2022 Subaru Forester

By November 3, 2021

The 2022 Subaru Forester is a spacious and safe five-seat wagon with standard all-wheel drive, useful beyond compare. Twice, it has been named Best Car To Buy by The Car Connection.

For 2022 it gets a new face with a bigger grille, and a new model called the Wilderness. Some versions get automatic emergency steering.

The powertrain is a 182-hp flat-4 with a CVT, which together don’t produce much off-the-line speed; it accelerates adequately, with a fair amount of noise. The ride and resilient behavior on and off road are the Forester’s virtues. It corners with ease and ambles over rocky or muddy paths with X-Mode traction controls and up to 9.2 inches of ground clearance. With the rear seats folded there’s more than 75 cubic feet to carry mountain bikes, kayaks, or furniture.

The Forester earns EPA ratings of 26 mpg city, 33 highway, 29 combined, with the exception of the new Wilderness, which, apparently because of its higher ground clearance, drops to 25/28/26 mpg.

The IIHS gives the Forester a Top Safety Pick+ award, in part due to its adaptive LED headlights. The NHTSA gives it five stars overall, with four stars for rollover resistance.

Every Forester has automatic emergency braking, adaptive cruise control, and active lane control. Every model but the base has automatic emergency steering.

Model Lineup

Made in Indiana, the Forester comes as base, Premium, Sport, Sport, Wilderness, Limited, and Touring.

The $26,320 base comes with 17-inch wheels, cloth upholstery, a 6.5-inch touchscreen with Apple CarPlay and Android Auto, automatic climate control, adaptive LED headlights, and a split-folding rear seat.

The $29,320 Forester Premium adds a bigger touchscreen, power driver seat, panoramic sunroof, heated front seats, and a special off-road drive mode. A package for $1,000 includes power tailgate, keyless start, and blind-spot monitors.

The $36,420 Forester Touring adds leather upholstery, heated and cooled power front seats, 18-inch wheels, heated rear seats, Harmon Kardon audio, and an 8.0-inch touchscreen.

Every Forester comes with 3-year/36,000-mile warranty.


For 2022 the Forester gets a fresh grille and a more pronounced front end. It’s blocky but doesn’t come off as an attempt to look off-roady. The Wilderness does look that part, with its high ground clearance.

The Forester’s rugged details can’t hide the profile of function, but some styling features add grace, for example the slim roof pillars. The taillights bracket a black trim strip.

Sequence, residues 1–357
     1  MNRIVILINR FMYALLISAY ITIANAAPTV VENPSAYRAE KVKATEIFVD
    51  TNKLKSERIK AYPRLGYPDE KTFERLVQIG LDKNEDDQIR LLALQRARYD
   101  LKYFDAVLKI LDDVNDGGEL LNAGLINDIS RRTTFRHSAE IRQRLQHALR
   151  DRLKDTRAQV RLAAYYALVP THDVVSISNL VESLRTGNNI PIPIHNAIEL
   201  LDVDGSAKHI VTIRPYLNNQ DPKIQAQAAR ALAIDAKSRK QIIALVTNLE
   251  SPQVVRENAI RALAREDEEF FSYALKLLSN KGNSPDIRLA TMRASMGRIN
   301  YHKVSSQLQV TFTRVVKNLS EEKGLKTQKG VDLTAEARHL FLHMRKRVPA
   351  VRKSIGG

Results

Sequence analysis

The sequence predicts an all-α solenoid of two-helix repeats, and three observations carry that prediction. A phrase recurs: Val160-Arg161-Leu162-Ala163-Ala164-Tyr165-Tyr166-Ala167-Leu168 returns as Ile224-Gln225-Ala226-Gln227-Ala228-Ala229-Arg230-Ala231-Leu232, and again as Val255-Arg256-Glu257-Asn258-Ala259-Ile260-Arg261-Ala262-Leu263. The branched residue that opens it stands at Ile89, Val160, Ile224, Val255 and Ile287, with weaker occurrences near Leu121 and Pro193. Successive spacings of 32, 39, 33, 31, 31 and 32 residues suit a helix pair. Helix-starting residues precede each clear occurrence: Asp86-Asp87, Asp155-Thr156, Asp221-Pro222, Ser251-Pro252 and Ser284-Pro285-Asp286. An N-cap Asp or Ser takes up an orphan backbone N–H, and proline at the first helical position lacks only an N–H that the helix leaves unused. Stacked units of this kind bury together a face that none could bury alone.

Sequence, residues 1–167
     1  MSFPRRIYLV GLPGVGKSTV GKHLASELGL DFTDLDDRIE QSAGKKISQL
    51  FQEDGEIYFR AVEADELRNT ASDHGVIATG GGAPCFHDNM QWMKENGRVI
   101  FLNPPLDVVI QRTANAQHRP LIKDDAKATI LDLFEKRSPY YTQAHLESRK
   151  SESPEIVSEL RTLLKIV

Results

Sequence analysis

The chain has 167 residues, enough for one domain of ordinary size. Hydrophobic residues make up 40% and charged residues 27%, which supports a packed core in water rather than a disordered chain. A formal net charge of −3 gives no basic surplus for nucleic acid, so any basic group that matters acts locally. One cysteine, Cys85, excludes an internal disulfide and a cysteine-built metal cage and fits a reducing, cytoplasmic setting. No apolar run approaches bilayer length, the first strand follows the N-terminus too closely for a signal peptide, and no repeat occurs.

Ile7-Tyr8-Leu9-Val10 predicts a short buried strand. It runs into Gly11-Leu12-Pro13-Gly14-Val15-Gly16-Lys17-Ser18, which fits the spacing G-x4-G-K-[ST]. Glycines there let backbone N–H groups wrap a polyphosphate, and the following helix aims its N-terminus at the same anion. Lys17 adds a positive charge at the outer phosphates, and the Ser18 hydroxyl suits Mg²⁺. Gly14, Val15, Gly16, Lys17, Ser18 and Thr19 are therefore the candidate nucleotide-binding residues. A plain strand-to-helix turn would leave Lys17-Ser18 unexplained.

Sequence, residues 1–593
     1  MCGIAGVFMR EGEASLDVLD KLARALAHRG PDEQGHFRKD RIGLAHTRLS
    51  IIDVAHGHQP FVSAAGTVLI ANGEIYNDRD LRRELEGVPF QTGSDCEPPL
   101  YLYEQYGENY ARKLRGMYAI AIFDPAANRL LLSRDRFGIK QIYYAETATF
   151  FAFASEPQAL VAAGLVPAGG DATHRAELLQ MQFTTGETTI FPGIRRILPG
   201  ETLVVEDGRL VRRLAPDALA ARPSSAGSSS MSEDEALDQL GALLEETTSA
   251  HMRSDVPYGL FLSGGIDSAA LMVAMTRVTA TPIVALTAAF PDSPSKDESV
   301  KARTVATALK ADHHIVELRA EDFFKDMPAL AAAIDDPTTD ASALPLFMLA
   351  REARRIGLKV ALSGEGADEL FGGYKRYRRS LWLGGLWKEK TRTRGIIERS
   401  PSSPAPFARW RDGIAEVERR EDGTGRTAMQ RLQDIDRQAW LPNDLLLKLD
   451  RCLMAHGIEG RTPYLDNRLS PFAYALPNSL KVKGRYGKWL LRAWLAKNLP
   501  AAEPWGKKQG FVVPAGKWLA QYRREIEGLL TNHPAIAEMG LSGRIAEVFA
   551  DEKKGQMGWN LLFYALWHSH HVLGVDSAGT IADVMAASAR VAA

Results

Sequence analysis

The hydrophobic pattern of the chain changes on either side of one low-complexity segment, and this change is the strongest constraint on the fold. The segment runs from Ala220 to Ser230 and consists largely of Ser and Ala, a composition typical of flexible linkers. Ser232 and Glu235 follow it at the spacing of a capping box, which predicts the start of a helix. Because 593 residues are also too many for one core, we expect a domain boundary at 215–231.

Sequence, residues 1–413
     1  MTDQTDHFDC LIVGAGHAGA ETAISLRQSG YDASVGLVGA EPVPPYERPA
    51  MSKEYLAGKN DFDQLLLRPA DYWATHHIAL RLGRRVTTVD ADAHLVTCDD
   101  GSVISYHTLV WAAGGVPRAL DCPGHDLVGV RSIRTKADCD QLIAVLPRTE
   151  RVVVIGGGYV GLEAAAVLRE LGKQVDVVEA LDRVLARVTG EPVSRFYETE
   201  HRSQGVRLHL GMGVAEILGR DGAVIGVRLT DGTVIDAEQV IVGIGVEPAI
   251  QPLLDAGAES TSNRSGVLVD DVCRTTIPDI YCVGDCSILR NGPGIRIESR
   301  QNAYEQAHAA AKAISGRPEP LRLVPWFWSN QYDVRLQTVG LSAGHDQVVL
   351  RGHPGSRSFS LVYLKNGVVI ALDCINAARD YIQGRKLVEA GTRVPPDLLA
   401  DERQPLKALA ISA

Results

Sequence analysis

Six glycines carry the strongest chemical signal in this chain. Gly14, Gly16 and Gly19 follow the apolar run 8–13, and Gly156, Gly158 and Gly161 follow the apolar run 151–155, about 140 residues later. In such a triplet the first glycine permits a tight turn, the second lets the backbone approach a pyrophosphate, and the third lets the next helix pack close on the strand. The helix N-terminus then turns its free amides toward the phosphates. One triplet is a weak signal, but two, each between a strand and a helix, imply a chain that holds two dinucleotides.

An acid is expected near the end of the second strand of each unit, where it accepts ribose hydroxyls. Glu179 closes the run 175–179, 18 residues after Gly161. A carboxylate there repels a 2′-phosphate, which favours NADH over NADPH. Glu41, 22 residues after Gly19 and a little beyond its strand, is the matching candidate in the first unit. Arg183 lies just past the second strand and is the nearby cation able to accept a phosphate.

There’s no drama in the Forester cabin. The layout is pragmatic and the materials durable, with rugged cloth in the lower models. There are sport and luxury trims with leather or black-and-orange synthetic skins, but that doesn’t change its hiking-boots character—the leather is tough, rather than soft. The Forester’s wash-and-wear cabin is down with the dirt.

The front seats are thickly bolstered without being confining, thanks to a wide range of adjustment. The driving position is swell. The wide and tall doors abet easy access.

The rear seat boasts a giant 40 inches of leg room, and is wide enough for three people for short trips. It folds down to turn 35.4 cubic feet of cargo space into 76.1 cubic feet. The Forester has a cargo hold the size of some walk-in closets.

With a lot of glass, the outward vision is exceptional.

Driving Impressions

As with nearly every Subaru made (save for the BRZ sports car), the Forester is all-wheel drive. Its focus is traction, not speed. Its 2.5-liter flat-4 engine makes an unexciting 182 horsepower, and works well enough with its CVT, as Subaru’s CVT is very agreeable. The powertrain is willing to work hard, if noisily.

The Forester is relatively light for a crossover, at 3,500 lb, which allows it to accelerate from a standing start to 60 mph in about eight seconds.

Traction aside, the Forester’s ride is its best quality, but the handling is almost as good—although that gets right back to traction. It’s steady and predictable in every situation, thanks largely to the sophisticated electronic programming of its all-wheel-drive system that moves power around between all four wheels in the corners, depending on which wheel needs the traction.

It’s attentive and confident on every surface, maybe especially offroad. With 8.7 inches of ground clearance on all but the Wilderness model (it rises to 9.2 inches), decent all-season tires, and an off-road mode on most models, it excels. It gets better with drive modes that change throttle, shift, and hill-descent dynamics.

On the pavement, the ride is calm and collected. The Forester never gets irritable or confused, maintaining an even keel as it gently leans into bends and absorbs bad bumps with its independent suspension.

Final Word

If you want the best all-wheel-drive system out there in a five-seat crossover, the 2022 Subaru Forester must be considered. If you never go offroad, you won’t get its best feature, but the system will still improve stability in rain or snow. The cargo hold is vast. Acceleration is adequate, and the CVT is one of the best.


—by Sam Moses with driving impressions by The Car Connection

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